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Parity Policy and Implementation

For too long, many Americans paid for insurance coverage that did not recognize that mental health and substance use disorders are every bit as important as physical health, and that going without effective treatment can be debilitating and even life threatening.

One of the many important promises of both the Affordable Care Act and the Mental Health Parity and Addiction Equity Act is to ensure that health plans and insurers offer mental health and substance use disorder benefits that are comparable to their coverage for general medical and surgical care. Read more about measuring progress on mental health and substance use disorder parity.

But, parity is only meaningful if health plans are implementing it well, consumers and providers understand how it works, and there is appropriate oversight.

About the Mental Health Parity and Addiction Equity Act

The Know Your Rights: Parity for Mental Health and Substance Use Disorder Benefits brochure lists some of the common limits placed on mental health and substance use disorder benefits and services and includes additional information on parity.

The Center for Consumer Information and Insurance Oversight summarizes the Mental Health Parity and Addiction Equity Act (MHPAEA) and highlights the key changes from previous policy. The Center for Medicaid and CHIP Services summarizes the parity requirements for Medicaid and CHIP programs.

The Department of Labor parity page explains regulations and guidance for MHPAEA.

The Substance Abuse and Mental Health Services Administration offers an easy-to-understand consumer guide summarizing the MHPAEA language, and also recently released a white paper highlighting best practices of parity implementation and enforcement at the state level.

The White House Fact Sheet on Parity highlights how the Affordable Care Act and other policy actions have expanded the resources and protections for people that are affected by mental disorders.

Research on Parity Implementation

The Office of the Assistant Secretary for Planning and Evaluation issued two reports on early implementation of MHPAEA:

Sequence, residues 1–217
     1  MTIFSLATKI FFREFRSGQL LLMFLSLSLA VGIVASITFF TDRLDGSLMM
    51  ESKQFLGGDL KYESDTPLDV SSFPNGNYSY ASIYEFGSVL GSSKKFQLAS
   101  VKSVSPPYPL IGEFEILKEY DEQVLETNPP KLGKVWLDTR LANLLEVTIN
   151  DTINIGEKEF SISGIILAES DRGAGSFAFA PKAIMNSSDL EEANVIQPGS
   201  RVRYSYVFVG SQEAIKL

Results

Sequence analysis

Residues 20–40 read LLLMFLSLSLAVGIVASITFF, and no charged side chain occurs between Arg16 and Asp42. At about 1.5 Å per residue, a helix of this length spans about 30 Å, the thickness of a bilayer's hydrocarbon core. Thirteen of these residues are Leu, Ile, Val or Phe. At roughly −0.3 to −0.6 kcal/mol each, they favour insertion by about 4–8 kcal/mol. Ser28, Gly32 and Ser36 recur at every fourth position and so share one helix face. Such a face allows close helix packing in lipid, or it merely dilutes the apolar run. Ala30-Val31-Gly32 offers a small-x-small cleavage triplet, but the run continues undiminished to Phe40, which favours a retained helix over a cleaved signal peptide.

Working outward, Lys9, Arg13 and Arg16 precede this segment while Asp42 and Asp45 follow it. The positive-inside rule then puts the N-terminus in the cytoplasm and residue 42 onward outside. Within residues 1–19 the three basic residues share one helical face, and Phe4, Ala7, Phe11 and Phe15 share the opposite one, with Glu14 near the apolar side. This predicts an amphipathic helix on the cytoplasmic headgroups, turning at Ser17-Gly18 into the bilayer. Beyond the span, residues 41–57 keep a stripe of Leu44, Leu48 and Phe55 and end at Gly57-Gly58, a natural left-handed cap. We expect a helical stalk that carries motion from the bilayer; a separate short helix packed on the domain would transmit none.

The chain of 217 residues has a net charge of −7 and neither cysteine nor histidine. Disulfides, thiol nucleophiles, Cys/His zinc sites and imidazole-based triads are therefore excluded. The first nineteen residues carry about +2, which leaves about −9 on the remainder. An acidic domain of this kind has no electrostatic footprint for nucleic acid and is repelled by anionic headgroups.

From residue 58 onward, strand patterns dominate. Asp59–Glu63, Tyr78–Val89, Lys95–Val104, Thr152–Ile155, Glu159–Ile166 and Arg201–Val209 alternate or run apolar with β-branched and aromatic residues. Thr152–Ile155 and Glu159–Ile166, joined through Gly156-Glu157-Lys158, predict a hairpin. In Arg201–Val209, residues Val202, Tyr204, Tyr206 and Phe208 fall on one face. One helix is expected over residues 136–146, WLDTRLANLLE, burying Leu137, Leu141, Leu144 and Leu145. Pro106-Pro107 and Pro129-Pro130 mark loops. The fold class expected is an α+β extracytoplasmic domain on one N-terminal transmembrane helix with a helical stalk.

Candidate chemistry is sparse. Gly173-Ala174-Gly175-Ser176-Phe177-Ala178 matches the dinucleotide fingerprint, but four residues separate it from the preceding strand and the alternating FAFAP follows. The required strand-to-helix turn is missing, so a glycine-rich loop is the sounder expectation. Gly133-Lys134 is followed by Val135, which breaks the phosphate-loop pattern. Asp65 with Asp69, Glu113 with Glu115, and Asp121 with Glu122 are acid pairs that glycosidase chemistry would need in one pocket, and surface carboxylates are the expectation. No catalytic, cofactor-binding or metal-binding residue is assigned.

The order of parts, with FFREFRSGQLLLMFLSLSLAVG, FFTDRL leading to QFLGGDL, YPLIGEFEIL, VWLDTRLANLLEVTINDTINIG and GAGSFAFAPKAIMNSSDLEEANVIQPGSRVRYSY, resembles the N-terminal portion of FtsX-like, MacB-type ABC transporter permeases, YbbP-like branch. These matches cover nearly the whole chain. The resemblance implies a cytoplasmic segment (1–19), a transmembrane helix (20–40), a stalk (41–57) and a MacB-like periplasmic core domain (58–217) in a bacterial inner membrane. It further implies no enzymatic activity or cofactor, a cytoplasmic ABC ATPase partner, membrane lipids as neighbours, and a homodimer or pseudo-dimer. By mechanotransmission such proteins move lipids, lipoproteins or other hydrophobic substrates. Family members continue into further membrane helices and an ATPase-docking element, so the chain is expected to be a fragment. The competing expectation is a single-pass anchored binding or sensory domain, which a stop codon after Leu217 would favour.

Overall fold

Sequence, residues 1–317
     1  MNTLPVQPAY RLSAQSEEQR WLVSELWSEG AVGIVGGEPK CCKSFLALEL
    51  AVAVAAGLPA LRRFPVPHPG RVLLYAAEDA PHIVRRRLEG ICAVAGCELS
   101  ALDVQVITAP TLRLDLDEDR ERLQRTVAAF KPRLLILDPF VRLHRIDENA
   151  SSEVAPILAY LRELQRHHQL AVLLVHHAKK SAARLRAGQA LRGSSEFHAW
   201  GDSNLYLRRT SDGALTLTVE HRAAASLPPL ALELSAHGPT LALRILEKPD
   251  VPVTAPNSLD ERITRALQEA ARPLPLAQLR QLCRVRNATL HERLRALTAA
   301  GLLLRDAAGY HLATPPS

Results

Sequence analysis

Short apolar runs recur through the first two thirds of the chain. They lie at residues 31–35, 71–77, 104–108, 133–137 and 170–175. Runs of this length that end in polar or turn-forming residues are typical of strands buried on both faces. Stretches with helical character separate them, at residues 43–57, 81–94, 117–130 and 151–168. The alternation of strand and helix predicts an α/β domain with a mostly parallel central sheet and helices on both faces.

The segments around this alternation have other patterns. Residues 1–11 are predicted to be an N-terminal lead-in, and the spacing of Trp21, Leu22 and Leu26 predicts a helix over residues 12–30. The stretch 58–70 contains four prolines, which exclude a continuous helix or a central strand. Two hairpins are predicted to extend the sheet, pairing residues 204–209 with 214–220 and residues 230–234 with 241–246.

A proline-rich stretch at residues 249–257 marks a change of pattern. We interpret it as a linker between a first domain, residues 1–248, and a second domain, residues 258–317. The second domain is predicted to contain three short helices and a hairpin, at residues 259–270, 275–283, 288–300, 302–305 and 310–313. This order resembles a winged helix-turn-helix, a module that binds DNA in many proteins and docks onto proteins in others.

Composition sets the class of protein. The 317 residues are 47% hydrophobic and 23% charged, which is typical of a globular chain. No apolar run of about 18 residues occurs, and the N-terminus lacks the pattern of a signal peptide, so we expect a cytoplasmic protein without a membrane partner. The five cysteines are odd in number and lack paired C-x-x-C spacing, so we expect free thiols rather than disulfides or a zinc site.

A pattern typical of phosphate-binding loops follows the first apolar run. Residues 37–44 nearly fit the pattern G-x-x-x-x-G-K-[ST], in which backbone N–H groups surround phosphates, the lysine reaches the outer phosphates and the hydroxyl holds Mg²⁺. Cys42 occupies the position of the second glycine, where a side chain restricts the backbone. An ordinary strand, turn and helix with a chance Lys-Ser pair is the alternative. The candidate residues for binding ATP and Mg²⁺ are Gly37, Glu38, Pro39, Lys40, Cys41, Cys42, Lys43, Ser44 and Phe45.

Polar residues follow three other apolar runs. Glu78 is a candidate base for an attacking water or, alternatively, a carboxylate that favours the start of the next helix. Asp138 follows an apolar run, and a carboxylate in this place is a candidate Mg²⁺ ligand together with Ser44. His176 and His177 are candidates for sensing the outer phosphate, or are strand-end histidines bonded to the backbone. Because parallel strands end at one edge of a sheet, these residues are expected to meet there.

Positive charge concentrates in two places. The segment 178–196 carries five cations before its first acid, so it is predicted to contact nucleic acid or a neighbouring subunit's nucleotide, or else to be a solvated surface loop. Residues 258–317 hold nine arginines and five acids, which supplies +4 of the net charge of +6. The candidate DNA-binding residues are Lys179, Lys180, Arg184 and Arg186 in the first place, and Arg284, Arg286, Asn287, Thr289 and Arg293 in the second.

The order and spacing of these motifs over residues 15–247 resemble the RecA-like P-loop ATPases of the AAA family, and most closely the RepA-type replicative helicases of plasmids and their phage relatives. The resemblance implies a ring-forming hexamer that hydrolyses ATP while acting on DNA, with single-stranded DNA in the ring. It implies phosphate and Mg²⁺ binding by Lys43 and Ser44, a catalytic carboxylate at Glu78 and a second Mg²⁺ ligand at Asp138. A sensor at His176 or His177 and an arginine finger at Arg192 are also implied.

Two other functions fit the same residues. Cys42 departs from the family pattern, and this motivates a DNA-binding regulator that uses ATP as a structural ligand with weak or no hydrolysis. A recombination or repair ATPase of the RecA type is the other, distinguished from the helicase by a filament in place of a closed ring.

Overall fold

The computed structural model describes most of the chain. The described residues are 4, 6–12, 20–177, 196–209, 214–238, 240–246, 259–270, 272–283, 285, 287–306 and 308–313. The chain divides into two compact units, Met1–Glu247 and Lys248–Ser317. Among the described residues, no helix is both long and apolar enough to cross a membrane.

Timeline of Federal Parity Policies

Year

Event

1961

President Kennedy directs the Civil Service Commission (now known as the Office of Personnel Management) to implement parity (by 1975 this was scaled back)

1970s through present day

Parity laws enacted in many states – mostly for small group health plans; some for individual policies; many states establish minimum benefit level requirements for mental health and substance use disorders – employer-sponsored group health plans are generally exempt

1992

The first federal parity legislation is introduced in Congress by Senators Pete Domenici and John Danforth (S.2696)

1996

The Mental Health Parity Act enacted requiring comparable annual and lifetime dollar limits on mental health and medical coverage in large group health plans including employer-sponsored group health plans

1999

President Clinton directs the Office of Personnel Management to implement parity in the Federal Employee Health Benefit Plan (FEHBP)

2003

President Bush’s New Freedom Commission on Mental Health includes a recommendation regarding parity in the Commission’s Final Report

2008

Paul Wellstone and Pete Domenici Mental Health Parity and Addiction Equity Act (MHPAEA) is signed into law – applying to large group health plans including employer-sponsored plans, effective for most plans starting in 2010

Medicare Improvements for Patients and Providers Act enacted including a provision to phase out statutory provision requiring a higher co-pay for outpatient mental health services

2009

Children’s Health Insurance Program Reauthorization Act enacted requiring parity in CHIP plans

CMS releases State Health Official letter to provide additional guidance regarding MHPAEA’s application to CHIP.

2010

The Affordable Care Act (ACA) enacted and extends parity protections to individual health insurance policies and Medicaid expansions to low-income childless adults

2010

Interim final rules issued to implement MHPAEA effective for most policies and plans in 2011

2013

Final rules are issued to implement MHPAEA – effective for most policies and plans in 2015

Final rules on Essential Health Benefits are issued, implementing mental health and substance use disorder as a category of EHB and extending MHPAEA final rule parity requirements to small group insurance and individual insurance plans starting in 2015

Final rules on Alternative Benefit Plans are issues providing further guidance regarding MHPAEA’s application to Essential Health Benefits in this Medicaid program.

Medicaid State Health Officials letter published providing guidance on the application of MHPAEA requirements to Medicaid managed care organizations, Medicaid Alternative Benefit Plans, and the Children’s Health Insurance Program

2016

TRICARE issues a proposed rule that levels cost sharing between medical-surgical and behavioral health care and eliminates treatment limits for mental health and substance use disorder care

2016

Final regulations issued on parity in Medicaid managed care organizations, Medicaid Alternative Benefit Plans, and the Children’s Health Insurance Program

 

Content created by Assistant Secretary for Public Affairs (ASPA)
Content last reviewed on June 21, 2016